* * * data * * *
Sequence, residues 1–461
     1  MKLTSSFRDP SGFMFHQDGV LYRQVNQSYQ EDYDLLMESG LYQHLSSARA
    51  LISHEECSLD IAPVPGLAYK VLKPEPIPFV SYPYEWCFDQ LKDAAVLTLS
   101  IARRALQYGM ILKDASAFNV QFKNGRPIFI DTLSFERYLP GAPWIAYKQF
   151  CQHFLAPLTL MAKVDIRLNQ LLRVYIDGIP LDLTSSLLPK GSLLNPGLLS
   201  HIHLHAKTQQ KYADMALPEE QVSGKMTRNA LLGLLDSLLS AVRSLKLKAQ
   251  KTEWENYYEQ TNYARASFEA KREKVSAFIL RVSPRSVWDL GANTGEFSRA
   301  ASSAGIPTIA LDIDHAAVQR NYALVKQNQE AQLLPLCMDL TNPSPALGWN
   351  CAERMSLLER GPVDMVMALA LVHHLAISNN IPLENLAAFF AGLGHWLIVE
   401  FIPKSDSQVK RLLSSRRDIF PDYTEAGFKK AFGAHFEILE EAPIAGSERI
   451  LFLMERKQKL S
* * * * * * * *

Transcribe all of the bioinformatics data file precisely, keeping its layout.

Sequence, residues 1–461
     1  MKLTSSFRDP SGFMFHQDGV LYRQVNQSYQ EDYDLLMESG LYQHLSSARA
    51  LISHEECSLD IAPVPGLAYK VLKPEPIPFV SYPYEWCFDQ LKDAAVLTLS
   101  IARRALQYGM ILKDASAFNV QFKNGRPIFI DTLSFERYLP GAPWIAYKQF
   151  CQHFLAPLTL MAKVDIRLNQ LLRVYIDGIP LDLTSSLLPK GSLLNPGLLS
   201  HIHLHAKTQQ KYADMALPEE QVSGKMTRNA LLGLLDSLLS AVRSLKLKAQ
   251  KTEWENYYEQ TNYARASFEA KREKVSAFIL RVSPRSVWDL GANTGEFSRA
   301  ASSAGIPTIA LDIDHAAVQR NYALVKQNQE AQLLPLCMDL TNPSPALGWN
   351  CAERMSLLER GPVDMVMALA LVHHLAISNN IPLENLAAFF AGLGHWLIVE
   401  FIPKSDSQVK RLLSSRRDIF PDYTEAGFKK AFGAHFEILE EAPIAGSERI
   451  LFLMERKQKL S